Find the probability of obtaining exactly two 3’s in six rolls of a fair die.

Example: Rolling a Die

Find the probability of obtaining less than two 3’s in six rolls of a fair die.

Example: Baseball Hits

A baseball player has a well-established batting average of .250. In the next series he will bat 10 times. Find the probability that he will get more than two hits.

In many cases we will be interested in the probability of a range of successes. In such cases, we need to use the addition rule for mutually exclusive events.

For example – let , find the probability of 4 or fewer.


Using the Binomial Table

1) Locate the number of trials, n.

2) Locate the number of successes, r.

3) Follow that row to the right to the corresponding p column.

Example - Use Table 2 in the Appendix to find the probability of observing 3 successes in 5 trials if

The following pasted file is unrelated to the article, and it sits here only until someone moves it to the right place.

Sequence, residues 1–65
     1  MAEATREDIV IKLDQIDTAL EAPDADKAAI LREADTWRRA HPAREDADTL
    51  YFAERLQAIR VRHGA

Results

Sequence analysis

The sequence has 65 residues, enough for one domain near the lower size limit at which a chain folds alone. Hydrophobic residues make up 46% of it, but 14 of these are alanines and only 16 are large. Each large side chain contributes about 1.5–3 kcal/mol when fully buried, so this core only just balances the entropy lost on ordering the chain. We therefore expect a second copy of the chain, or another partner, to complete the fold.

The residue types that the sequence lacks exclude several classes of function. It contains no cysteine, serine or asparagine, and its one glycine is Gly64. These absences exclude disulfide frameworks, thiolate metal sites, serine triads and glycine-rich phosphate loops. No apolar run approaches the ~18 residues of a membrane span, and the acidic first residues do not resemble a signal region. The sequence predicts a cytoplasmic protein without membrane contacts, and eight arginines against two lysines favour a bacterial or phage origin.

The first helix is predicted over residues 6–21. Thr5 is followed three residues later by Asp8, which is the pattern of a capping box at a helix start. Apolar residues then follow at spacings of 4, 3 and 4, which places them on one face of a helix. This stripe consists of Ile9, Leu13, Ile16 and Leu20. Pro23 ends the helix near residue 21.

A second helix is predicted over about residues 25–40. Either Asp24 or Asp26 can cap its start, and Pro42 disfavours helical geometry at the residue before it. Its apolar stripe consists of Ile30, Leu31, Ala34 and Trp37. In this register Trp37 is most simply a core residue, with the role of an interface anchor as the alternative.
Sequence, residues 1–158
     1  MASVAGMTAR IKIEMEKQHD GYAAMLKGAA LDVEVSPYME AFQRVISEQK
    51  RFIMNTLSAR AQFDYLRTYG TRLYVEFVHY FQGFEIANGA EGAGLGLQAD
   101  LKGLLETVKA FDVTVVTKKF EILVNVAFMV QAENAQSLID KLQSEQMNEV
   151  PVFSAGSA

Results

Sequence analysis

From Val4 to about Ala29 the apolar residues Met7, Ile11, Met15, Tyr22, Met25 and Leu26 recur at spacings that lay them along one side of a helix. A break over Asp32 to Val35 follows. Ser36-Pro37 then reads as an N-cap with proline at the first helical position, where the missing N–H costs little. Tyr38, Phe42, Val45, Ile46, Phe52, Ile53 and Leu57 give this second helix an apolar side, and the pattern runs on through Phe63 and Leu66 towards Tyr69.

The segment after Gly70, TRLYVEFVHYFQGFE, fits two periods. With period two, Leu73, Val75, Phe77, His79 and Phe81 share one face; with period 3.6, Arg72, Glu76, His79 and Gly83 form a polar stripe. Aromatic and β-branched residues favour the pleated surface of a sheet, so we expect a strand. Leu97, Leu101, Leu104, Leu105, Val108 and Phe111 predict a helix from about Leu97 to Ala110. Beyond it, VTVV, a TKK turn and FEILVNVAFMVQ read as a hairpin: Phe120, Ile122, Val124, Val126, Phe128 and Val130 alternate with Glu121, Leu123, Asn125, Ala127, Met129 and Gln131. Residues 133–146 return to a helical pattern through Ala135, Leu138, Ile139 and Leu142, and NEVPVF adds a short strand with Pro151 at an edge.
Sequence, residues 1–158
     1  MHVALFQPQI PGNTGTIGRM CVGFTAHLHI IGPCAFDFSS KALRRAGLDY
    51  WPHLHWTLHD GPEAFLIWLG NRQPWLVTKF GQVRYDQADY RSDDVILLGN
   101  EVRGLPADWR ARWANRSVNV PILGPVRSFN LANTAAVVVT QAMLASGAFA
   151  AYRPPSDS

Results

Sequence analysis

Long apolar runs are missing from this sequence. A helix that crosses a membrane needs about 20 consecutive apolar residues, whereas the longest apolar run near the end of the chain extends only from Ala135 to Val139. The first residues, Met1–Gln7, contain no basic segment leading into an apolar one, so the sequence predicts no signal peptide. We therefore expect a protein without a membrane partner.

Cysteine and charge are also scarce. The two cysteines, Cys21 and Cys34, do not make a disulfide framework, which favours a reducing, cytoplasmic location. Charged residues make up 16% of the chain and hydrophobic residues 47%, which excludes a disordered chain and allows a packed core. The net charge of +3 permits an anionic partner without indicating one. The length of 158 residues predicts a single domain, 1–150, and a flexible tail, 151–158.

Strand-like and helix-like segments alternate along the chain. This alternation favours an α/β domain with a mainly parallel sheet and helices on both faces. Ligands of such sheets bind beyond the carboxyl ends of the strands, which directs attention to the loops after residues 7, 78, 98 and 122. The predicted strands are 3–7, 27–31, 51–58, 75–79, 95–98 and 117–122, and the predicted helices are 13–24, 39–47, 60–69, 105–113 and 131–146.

p = 0.7.

a). 0.168b). 0.343c). 0.264d). 0.309

Graphing a Binomial Distribution

Example – Jim enjoys playing basketball. He figures that he makes about 50% of the field goals he attempts during a game. Make a histogram showing the probability that Jim will make 0,1,2,3,4,5 or 6 shots out of six attempted field goals.

x / P(x) = P(X=x)

Mean and Standard Deviation of a Binomial Distribution

Let X have a Binomial Distribution B(n,p)

mean of X = μ = np

variance of X = = np(1-p)

standard deviation of X =

Rules for means

  1. If X has mean μ, then the mean of a+bx is a+bμ
  2. If X has mean of and Y has mean then the mean of X+Y is +

Caution: the mean of X*Y is not necessarily *unless X and Y are independent. Also the mean of X/Y /

Rules for Variance

  1. if X has variance then a+bx has variance
  2. if X and Y are independent random variables with variance and then the